All exhibitions are completely free to view.
A Portrait of our Population' is a representation of human society in the twenty first century. In this exhibition the artist explores contemporary society and its values and depicts scenes of modern life through use of abstract and representative imagery.
Photographs by Hark Yeung and artworks by Fong So.
The umbrella, a symbol of protecting civil liberties in the Umbrella Movement in Hong Kong in 2014, links art exhibitions in three world cities: New York, London and Hong Kong. We use umbrellas to keep rain off our heads. During the Hong Kong Occupy Movement in 2014, protestors used umbrellas to protect themselves from harmful pepper spray and tear-gas fumes. The two-month occupation of central Hong Kong to protest the government’s political “reform” plan has since been dubbed the Umbrella Movement. Civil liberties were discussed in the Umbrella Movement, and prompted these exhibitions by the two journalist-turned artists. Umbrella is the theme of the first two exhibitions.
The two Hong Kong artists’ exhibits focus on what has happened in Hong Kong after the city’s handover by the United Kingdom to the People’s Republic of China in 1997. Most of Fong So’s artworks in this exhibition can be viewed as an imagery summary of some of the biggest protests in Hong Kong from 1997 to 2014. His work, to a certain extent, reflects Hong Kong’s complicated history, its Chinese connections, its international environment, and also the sentiments and aspirations of its people – Hongkongers.
Rebecca Tang’s artistic journey began at the age of six when she picked up a pencil to draw flowers, portraits and animals. Now, the inspiration for her artwork comes from the beauty of reusing unwanted materials and giving them a new life. In this particular series Rebecca Tang recycles cardboard boxes, toilet rolls, newspaper, index papers and paper bags to make artwork, canvas and frames. In the process of creating her artwork, she moves between ideas with papier-mâché, origami, mosaic and illustration. Making picture frames from cardboard boxes is also one of the ideas she likes. Playing with colours and textures, she assembles papier-mâché, cardboard boxes and coats them with emulsion paints. Portraits, flowers and canvas are varnished as a final finishing touch. Rebecca Tang is a Hong Kong born artist based in London and this is her first solo show.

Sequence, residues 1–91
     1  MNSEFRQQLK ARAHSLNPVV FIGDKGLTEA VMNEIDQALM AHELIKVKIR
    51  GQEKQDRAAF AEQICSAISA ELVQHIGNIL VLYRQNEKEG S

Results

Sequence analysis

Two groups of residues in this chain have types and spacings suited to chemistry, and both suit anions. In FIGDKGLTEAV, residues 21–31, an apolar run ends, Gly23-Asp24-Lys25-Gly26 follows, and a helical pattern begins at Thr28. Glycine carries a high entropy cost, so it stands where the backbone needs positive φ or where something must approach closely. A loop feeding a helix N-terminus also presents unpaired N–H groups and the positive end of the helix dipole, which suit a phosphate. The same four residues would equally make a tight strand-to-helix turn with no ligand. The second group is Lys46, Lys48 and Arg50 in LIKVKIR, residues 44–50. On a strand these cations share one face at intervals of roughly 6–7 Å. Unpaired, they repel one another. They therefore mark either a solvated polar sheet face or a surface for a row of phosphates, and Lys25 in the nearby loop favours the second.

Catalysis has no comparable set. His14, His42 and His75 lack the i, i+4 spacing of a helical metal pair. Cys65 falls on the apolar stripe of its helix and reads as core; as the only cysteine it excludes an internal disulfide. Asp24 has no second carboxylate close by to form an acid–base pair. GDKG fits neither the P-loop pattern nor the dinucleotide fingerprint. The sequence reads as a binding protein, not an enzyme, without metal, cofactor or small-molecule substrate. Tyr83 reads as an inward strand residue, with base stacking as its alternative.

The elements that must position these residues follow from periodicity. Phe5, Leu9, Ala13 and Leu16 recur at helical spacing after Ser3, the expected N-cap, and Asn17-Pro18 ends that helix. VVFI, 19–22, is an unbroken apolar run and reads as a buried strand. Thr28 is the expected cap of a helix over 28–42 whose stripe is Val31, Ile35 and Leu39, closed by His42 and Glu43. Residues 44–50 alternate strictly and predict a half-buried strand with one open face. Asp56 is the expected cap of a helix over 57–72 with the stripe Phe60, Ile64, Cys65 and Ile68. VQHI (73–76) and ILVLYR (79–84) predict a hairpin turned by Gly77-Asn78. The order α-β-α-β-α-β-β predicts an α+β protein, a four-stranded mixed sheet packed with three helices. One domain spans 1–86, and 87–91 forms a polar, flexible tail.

Following on his London shows: ‘Overground / Underground’ (2011) and ‘Necropolis’ (2013), Lumsden continues to explore the human experience in the metropolis in the digital era.
The project draws on best seller ‘The Human Zoo’ written by zoologist Desmond Morris (published 1969), which examines the nature of civilised society by observing the human animal, a super-tribal citizen desperately struggling to match his ancient inherited qualities with his extraordinary new situations. Lumsden’s use of honeycomb structure and beeswax is a visual metaphor for the city. A giant super-organism linked up through our physical and virtual interactions. Each image sets out to explore the constant duality of our physical and virtual world. The resulting picture is sometimes confused and confusing, “..partly because we are involved in it in a dual role, being, at the same time, both spectators and participants”. A golden honeycomb or a chain-link fence? Lumsden’s work challenges the perception of the city as a safe and secure environment. In the giant metropolis our basic needs may be taken care of, leaving us free to explore and grow – But at what price?
Chohan’s work harnesses the transformative qualities of the materials she selects. A tactile approach is employed to play with the matter; surfaces are manipulated and layers added in a ritualistic manipulation of form.
Book artist Linda Toigo presents: 'Guides to Elsewhere', her new exhibition of imaginary landscapes carved into books, displayed in the evocative setting of Westminster Reference Library, in the heart of London's West End.
Like a geologist from a miniature planet, Toigo excavates complex landscapes of paper and words from old volumes; layer upon layer, her scalpel transforms the pages into valleys and mountains, cliffs and caves. Together with recent book alterations, her new exhibition works with literary descriptions of imaginary places modelled out of discarded Lonely Planets guides.